Political Hay

They Haven’t Changed

Given a chance to demonstrate fiscal responsibility, House Republicans failed miserably. Way to motivate the base to bother to vote this fall, guys.

By 7.31.06

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Over the 4th of July weekend I met a gent who had worked for the GOP on Capitol Hill. He was frustrated with the GOP for many reasons, most notably its sellout on spending. He had left Capitol Hill and was heading to California to join the Highway Patrol. As I recall, he was seriously thinking about sitting out this Fall's election. I wouldn't be surprised if his sentiment is running high among the Republican base right now. It isn't hard to see why.

From doing next-to-nothing on judges, to letting free-market based health care reforms languish, to going wobbly on the death tax, to passing a bad Voting Rights Act, what does the base really have to cheer about lately? When it comes to the election, the right is reduced to hoping that the Democrats' incompetence will help it win by default.

Surely adding to Mr. Future-Highway-Patrolman's urge to sit home and eat Cheetos on this November 7th is the House Republicans' recent performance on dealing with pork. The Club for Growth has compiled 19 anti-pork amendments brought to the floor of the House by Congressman Jeff Flake between late May and late June of this year. It included votes to remove all-important spending initiatives like $1 million for the Mystic Aquarium in New Haven, CT., $180,000 for hydroponic water tomato production in Ohio, and $1 million for the Juniata Locomotive Demonstration. My favorite was $229,000 for dairy education in Iowa. (Having lived in Iowa for nine years, I offer this hint for those who want to learn about dairies: Find a farm with a cow.) I suppose that last one counts as improvement since it's not $50 million for an indoor rainforest.

Here are the results: 111 GOP members -- almost half -- voted against all of the anti-pork amendments. That included Jerry Lewis, chairman of the Appropriations Committee, and fearless leaders Majority Leader John Boehner and Majority Whip Roy Blunt. Over three-quarters of the members voted for less than half of the amendments, while only 19 voted for all of them. Indeed, just under twenty percent of GOP members voted for 13 or more of the amendments. (For a list of those taxpayer heroes, go here.) No amendment received more than 92 votes in favor, meaning that no single anti-pork amendment received even half of the votes of the GOP.

That, in a word, sucks.

One would think that in the wake of the Porkbusters project and the uproar over the Bridge to Nowhere that Republicans could do better than that. For the so-called party of fiscal responsibility, it's pathetic. Granted, the GOP began the process of forfeiting that mantra a few years ago. These votes show that they presently have little interest in regaining it.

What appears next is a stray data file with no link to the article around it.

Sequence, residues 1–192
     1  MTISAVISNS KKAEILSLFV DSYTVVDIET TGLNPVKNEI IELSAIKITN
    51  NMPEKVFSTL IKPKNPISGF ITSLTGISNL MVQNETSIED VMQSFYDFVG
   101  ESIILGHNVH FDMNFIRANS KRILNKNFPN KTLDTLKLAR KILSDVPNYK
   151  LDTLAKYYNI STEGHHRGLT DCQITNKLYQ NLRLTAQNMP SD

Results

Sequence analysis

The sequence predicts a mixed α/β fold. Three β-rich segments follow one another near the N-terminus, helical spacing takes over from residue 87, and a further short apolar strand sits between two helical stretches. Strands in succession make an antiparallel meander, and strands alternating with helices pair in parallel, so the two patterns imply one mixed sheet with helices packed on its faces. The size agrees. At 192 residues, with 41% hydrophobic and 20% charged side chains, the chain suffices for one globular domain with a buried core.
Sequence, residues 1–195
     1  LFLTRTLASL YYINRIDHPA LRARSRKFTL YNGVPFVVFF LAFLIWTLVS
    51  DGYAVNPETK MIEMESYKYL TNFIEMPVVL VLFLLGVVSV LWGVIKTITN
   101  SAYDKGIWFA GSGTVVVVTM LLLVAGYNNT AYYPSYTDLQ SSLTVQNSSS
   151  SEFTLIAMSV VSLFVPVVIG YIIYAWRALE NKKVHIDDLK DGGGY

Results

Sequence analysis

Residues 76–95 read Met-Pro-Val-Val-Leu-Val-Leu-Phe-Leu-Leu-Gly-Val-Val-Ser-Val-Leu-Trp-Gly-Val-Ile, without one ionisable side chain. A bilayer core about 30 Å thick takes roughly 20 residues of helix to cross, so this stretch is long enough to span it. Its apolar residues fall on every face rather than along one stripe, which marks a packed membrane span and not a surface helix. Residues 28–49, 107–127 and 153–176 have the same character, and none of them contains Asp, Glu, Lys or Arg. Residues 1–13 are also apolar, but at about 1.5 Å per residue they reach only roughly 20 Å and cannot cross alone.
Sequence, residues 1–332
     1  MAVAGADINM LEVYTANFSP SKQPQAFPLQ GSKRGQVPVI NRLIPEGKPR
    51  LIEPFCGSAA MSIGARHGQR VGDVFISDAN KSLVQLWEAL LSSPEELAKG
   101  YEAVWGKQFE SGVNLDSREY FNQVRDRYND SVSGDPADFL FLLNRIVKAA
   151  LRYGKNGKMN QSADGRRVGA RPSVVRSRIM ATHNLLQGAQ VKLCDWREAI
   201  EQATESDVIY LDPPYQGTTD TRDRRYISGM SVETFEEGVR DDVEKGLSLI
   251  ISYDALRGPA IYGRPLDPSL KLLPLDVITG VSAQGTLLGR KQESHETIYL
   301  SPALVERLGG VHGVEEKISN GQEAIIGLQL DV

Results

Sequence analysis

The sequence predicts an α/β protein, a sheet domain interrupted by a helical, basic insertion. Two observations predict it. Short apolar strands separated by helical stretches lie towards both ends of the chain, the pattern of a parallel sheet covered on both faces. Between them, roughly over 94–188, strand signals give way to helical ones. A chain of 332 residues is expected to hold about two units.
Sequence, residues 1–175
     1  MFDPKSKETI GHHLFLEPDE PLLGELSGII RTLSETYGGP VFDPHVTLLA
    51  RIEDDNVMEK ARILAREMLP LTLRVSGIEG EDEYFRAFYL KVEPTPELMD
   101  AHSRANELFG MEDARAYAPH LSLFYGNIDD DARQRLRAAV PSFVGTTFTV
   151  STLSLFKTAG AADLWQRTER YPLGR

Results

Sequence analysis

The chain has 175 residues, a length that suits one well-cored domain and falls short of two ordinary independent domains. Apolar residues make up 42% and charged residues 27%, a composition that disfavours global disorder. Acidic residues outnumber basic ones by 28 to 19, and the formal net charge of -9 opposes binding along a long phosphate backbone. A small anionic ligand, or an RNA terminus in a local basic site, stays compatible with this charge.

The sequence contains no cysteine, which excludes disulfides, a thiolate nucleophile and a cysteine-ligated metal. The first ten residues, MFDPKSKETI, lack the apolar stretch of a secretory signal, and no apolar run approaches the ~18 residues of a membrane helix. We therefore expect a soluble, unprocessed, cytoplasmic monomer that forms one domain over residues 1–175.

Some other interesting results from the votes included the fact that Alaska's Don "Kiss My Ear" Young voted against all of the amendments (surprise!). There were some Democrat heroes who voted for all 19, including Jim Cooper of Tennessee and Melissa Bean of Illinois. Harold Ford, also a Democrat from Tennessee, voted for 13 of the amendments. Apparently running for a Senate seat in a red state can do wonders for focusing the mind on watching red ink. But not, it seems, running for governor. GOP Representative Ernest Istook, who is running for Governor of Oklahoma, voted for only six. And self-styled budget hawk Jim Nussle, running for Iowa Governor, voted in favor of zero.

I'm not a big fan of sitting out elections, although this year I find it mighty tempting. I prefer to vote for my choice and then keep the pressure on them in between elections. I still think a case can be made for that strategy. First, the Democrats won't do any better, and probably worse. Nancy Pelosi's votes against all 19 amendments give the lie to her recent claim that she'd "get rid of all" earmarks. Furthermore, one can argue that Flake's efforts show improvement. Would the House members have even considered his amendments last year, and if they had, would any of them have received even 92 votes? If these efforts continue, it may only be a matter of time before the GOP finally clamps down on spending.

Thus, I won't be sitting out this time. But I can hardly blame those who will be.

David Hogberg is a writer who lives in the Washington, D.C. area. He also hosts his own website, Hog Haven.

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David Hogberg is a senior fellow at the National Center for Public Policy Research.  Follow David Hogberg on Twitter.